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Rapid Recharger and Large Recharging System for Urban Air Mobility

Influit Energy is funded by NASA to develop, test, and integrate the NEF battery and rapid recharger into the future of urban air mobility solutions. Between batteries, hydrogen fuel cells, and gasoline, batteries prove to be the most energy efficient. However, lithium ion batteries, the current battery of choice for most EVs on the market, come with drawbacks. Lithium ion ignites when it’s in contact with air or water. Any accident with lithium ion can produce toxic clouds of extremely hazardous and caustic lithium hydroxide in water vapor which will etch lung tissue and surrounding buildings. This danger is why the U.S. military still relies on lead acid batteries. Lithium itself and by extension its supply chain is not green or secure. Lithium mining is a dirty business that primarily happens outside the US. Environmentalists and the Department of Defense dislike this supply chain, and for good reason. Lithium ion also can’t reath a sufficient energy density for flight. Lithium ion can reach energy densities sufficient for small urban mobility vehicles, but it cannot power large, wide-body aircraft. Large-body commercial aviation needs a better battery. Currently, electrical grids can’t scale with the projected growth of batteries. The grid was not built to handle the mass adoption of battery-powered transport. More powerful and faster-charging conventional batteries (solid state) make this worse.

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Influit Energy’s NEF flow battery matches lithium ion batteries in efficiency while also solving their shortcomings. The cost of raw materials in an Influit battery is about half the cost of the materials in a similar lithium ion battery. Influit batteries will also have the most environmentally friendly and secure battery supply chain in the world since our materials don’t rely on foreign mining. NEF batteries are much safer because they don’t ignite when they encounter air or water, making them more suitable for aviation and military applications. In solid batteries the active materials are fixed within a cell which also fixes the ratio of power-to-energy storage. In flow batteries the active materials are in liquid form and stored outside the cell stack. Flow batteries (including NEF) retain a distinct design advantage over conventional batteries because the power is then defined by the stack and energy storage defined by the tanks which can be sized independently. Our battery therefore allows for conformal system designs because of the independent design space of the power stack and fluid location. When scaled-up enough, Influit’s battery becomes an alternative grid.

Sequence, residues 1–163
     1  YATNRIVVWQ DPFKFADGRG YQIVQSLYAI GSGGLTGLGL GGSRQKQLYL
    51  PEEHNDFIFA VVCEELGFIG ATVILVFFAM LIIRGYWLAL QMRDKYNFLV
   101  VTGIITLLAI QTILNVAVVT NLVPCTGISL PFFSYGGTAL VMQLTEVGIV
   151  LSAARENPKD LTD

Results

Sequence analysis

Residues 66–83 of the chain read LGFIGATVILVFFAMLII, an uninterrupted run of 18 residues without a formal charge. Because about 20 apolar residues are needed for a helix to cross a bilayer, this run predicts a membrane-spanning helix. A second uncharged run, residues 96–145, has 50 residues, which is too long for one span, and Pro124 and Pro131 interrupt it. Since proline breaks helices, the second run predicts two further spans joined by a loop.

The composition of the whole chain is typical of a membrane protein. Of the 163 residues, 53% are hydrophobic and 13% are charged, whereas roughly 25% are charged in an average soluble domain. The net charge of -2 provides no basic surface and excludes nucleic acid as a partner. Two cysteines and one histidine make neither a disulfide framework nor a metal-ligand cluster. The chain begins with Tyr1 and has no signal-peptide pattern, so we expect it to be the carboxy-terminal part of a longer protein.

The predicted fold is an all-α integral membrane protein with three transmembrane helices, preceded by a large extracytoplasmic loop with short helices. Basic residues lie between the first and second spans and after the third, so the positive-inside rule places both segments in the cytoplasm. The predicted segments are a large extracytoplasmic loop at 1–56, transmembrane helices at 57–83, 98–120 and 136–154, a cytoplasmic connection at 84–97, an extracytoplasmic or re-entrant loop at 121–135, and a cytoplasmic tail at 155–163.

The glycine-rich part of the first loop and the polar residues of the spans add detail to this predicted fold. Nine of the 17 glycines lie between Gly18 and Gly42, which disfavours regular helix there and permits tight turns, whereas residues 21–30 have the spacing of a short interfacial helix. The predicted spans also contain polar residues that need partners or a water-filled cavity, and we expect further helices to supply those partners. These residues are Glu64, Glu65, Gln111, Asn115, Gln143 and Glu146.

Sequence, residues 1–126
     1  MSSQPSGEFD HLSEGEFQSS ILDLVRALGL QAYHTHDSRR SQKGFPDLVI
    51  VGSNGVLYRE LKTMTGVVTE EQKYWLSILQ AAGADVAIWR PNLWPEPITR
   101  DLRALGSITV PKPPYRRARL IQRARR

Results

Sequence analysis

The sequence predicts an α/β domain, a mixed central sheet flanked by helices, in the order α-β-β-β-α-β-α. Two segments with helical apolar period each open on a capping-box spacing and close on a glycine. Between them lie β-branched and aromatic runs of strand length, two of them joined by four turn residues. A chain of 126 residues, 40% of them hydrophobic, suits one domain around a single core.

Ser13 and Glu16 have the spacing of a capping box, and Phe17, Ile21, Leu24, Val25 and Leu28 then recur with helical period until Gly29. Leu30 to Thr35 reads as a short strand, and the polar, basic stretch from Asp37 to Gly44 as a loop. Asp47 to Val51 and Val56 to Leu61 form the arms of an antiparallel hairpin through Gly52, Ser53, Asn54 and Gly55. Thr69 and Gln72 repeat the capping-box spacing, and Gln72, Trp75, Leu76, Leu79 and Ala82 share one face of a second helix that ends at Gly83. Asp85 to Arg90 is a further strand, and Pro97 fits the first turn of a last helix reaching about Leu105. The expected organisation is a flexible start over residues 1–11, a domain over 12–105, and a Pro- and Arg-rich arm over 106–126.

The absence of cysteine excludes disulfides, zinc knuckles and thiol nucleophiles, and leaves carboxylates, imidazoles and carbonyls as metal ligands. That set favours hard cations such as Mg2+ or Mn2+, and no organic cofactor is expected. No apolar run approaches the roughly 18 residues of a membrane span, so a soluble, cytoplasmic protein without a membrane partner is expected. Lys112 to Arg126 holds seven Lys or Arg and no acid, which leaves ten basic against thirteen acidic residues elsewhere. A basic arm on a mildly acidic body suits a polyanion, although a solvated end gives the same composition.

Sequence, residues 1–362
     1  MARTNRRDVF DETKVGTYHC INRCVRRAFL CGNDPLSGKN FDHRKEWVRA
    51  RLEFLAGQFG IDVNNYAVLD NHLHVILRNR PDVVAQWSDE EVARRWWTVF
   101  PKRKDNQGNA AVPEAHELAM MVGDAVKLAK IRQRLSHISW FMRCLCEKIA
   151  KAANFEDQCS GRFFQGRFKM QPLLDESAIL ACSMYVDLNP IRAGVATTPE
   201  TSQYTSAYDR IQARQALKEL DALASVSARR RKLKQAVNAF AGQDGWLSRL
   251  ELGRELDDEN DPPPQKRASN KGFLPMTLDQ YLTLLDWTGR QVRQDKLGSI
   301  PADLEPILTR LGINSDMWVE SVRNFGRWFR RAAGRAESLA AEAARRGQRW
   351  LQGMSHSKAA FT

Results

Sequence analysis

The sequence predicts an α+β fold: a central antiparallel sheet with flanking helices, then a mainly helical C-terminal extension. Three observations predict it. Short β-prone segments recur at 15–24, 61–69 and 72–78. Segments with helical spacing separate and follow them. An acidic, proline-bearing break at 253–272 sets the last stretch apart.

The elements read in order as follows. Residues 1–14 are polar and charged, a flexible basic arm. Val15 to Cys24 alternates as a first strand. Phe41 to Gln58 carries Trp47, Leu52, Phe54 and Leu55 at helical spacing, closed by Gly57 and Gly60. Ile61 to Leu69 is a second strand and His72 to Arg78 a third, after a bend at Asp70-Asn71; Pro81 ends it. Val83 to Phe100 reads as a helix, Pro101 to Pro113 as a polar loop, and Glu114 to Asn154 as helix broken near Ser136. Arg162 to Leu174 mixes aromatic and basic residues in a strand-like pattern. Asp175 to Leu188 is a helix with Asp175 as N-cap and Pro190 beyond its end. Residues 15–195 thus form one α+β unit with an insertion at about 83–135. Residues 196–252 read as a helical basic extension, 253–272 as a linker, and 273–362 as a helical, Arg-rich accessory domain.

The NEF concept could reduce or retire the in-flight fire and explosion hazards of traditional battery and fuel cell systems. This will allow us to achieve the ultimate goal of a closed loop energy cycle. The rapid recharger would allow for off-grid recharging for aircraft. Via a Ford F-150 pickup truck, the rapid recharger is transportable to recharge awaiting electric aircraft.


In the previous project phase the NASA Convergent Aeronautics Solutions (CAS) Aqueous, QUick-charging battery Integration For Electric flight Research (AQUIFER) investigated NEF and rim-driven motor (RDM) technologies, integrated together in a wing section in order to reduce or retire the flight fire and explosion hazards associated with the battery system, improve the acoustic signature of the electric motors, and co-locate these technologies to reduce cable lengths and electromagnetic interference (EMI) effects.

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